May 14, 2014
Education Week, Vol. 33, Issue 31
Assessment Swamp Fight: Louisiana's Common-Core Debate, a Timeline
Nowhere has the conflict surrounding the Common Core State Standards been more protracted, high-profile, and complicated than in Louisiana.
School Choice & Charters Public Schools Outperform Private Schools, Book Says
A pair of researchers have published a controversial book reigniting the long-running debate over academic achievement in public vs. private schools.
College & Workforce Readiness 'R U on Track for College?' Texting a New Strategy
To keep seniors on track for college and to avoid the "summer melt" that leads some astray after graduation, some educators are texting them reminders and information.
Student Well-Being States Tightening Loopholes in School Vaccine Laws
Amid a resurgence in childhood diseases, some states are rethinking provisions that once allowed parents to exempt their children from school vaccine requirements for personal reasons.
Assessment NAEP Scores Stall for 12th Graders in Reading, Math
Performance on the national exams has stagnated since 2009, including among racial and ethnic groups, prompting renewed concerns about the persistence of achievement gaps.
School & District Management Samuel Halperin, Leader in Education Policy, Dies at 84
A political scientist and among the architects of landmark Great Society education laws, Samuel Halperin died in Washington May 6.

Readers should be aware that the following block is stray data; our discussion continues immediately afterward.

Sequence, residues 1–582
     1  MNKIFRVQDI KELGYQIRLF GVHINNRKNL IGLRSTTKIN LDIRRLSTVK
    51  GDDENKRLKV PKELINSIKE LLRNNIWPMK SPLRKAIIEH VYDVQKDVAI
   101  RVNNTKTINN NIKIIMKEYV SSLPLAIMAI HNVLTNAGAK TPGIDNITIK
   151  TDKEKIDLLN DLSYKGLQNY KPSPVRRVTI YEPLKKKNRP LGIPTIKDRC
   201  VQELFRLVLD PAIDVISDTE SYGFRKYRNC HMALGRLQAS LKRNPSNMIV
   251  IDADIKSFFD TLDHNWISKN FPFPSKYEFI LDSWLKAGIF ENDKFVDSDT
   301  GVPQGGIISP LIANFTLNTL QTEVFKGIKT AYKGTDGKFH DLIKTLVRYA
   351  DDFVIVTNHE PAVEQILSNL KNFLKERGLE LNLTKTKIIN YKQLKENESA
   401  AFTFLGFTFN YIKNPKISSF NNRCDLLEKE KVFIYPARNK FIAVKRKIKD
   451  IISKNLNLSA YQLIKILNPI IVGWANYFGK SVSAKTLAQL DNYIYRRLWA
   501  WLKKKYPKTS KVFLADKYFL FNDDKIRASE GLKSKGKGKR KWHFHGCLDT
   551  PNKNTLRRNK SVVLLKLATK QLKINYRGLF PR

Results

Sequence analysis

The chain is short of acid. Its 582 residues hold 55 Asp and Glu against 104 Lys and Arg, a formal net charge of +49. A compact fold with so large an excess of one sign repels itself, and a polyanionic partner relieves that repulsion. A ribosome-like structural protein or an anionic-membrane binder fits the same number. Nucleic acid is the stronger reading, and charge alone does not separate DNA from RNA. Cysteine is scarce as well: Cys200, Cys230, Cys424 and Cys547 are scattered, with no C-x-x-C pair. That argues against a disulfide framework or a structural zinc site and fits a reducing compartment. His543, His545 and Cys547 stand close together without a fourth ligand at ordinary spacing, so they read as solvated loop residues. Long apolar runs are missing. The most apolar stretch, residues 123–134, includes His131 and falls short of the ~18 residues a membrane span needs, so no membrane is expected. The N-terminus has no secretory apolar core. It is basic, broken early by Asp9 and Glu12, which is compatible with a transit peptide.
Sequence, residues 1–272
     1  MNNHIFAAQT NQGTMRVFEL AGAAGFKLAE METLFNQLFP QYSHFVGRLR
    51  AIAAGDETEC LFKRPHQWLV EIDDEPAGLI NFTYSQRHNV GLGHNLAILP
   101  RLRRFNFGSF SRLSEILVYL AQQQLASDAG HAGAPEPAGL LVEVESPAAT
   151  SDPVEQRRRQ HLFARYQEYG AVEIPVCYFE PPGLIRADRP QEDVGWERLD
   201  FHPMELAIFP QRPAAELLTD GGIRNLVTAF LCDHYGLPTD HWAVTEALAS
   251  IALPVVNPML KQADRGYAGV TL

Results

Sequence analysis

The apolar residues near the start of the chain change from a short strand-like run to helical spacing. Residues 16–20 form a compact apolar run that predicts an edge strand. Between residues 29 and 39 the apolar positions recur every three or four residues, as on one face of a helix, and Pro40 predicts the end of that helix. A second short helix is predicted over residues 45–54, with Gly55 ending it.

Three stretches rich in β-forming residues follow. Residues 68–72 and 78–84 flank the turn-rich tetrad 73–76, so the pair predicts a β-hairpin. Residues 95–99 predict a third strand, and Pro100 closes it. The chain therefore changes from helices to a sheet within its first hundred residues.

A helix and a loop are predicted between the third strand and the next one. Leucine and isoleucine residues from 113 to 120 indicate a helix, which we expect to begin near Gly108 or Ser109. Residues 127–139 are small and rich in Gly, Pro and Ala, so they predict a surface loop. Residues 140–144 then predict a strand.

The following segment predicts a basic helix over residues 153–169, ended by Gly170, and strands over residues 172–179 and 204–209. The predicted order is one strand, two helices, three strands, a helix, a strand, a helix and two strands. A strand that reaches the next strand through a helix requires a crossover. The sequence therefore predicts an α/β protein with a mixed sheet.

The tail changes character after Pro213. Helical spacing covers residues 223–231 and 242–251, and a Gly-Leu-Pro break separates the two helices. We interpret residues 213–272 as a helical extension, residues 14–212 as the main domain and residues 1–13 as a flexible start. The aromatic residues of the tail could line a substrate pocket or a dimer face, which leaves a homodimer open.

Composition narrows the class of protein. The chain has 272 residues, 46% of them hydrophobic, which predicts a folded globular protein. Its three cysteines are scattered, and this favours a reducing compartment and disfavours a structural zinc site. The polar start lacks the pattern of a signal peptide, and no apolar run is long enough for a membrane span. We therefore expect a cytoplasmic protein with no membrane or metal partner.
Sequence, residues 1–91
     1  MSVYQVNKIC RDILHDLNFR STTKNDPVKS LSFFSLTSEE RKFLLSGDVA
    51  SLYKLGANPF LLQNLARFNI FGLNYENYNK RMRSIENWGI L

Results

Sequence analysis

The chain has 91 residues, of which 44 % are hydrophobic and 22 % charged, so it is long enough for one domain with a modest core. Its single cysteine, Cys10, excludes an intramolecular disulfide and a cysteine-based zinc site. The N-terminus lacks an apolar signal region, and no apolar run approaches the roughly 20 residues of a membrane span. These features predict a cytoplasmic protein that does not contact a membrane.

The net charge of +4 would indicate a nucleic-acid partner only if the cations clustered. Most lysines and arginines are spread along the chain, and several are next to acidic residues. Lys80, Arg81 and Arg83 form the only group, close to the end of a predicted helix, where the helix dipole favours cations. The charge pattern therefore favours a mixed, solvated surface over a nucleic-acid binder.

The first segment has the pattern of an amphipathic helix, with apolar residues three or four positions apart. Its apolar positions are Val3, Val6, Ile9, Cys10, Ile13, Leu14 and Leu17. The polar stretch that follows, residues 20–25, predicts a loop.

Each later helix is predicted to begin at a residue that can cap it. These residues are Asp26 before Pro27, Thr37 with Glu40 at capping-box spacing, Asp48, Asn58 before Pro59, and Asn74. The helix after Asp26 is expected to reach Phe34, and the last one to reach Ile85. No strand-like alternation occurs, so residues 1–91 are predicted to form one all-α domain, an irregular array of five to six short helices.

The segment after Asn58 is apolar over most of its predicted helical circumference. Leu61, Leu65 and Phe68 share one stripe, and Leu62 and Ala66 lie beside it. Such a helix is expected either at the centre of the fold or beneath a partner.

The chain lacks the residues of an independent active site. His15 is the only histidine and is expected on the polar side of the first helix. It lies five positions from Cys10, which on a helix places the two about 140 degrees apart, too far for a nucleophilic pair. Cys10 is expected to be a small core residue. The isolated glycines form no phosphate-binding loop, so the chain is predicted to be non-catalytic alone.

Data Redouble Focus on Data Privacy, White House Report Urges
A new report calls for assurances that data collected on students will be used for educational purposes, but is sketchy on how to guarantee that happens.
Law & Courts Ruling May Reignite Debate on School-Board Prayers
Legal experts split on the implications for school boards after the U.S. Supreme Court upholds prayers before meetings of the town council in Greece, N.Y.
A Commentary in the May 7, 2014, issue of Education Week, "Charting a Common-Sense Course for the Common Core," mischaracterized action on the common core and teacher evaluation by the New York legislature. The bill had passed only the lower house, the Assembly.
Science Obituary N.Y. Science Hall Leader Remembered as Booster of Informal Science Learning
Alan J. Friedman, a longtime champion of informal science education who served as the director of the New York Hall of Science for 22 years, died May 4.
States State of the States 2014: Minnesota
Gov. Dayton used his State of the State address to announce a review of all K-12 assessments with a goal of streamlining and reducing standardized testing, to push for expansion of early-childhood education, and to introduce the idea of extending school days and the school year.
School & District Management I, Too, Am America: Making All Students Feel Like They Belong
Graduate student Pierce Gordon writes about words and actions that make some minority students feel unwelcome in school programs and on college campuses.
Law & Courts In a Small Mississippi City, a Half-Century of Legal Battles
Cleveland, Miss., appears far from getting out from under federal court supervision decades after a desegregation case was filed.
Equity & Diversity Ky. District 'Keeps Faith' on School Desegregation
Despite a U.S. Supreme Court ruling that struck down its race-based student-assignment plan, Jefferson County is maintaining diverse schools and improving achievement.
Equity & Diversity 60 Years After Brown, School Diversity More Complex Than Ever
Dramatic demographic changes, shifting court opinions, and housing segregation make school integration a major challenge.
English-Language Learners Study: Do School Turnarounds Overlook ELLs?
The unique learning needs of English-language learners enrolled in low-performing schools that were targeted for dramatic improvements under a federal school turnaround program were largely overlooked, at least in the early phases of implementation, a new evaluation concludes.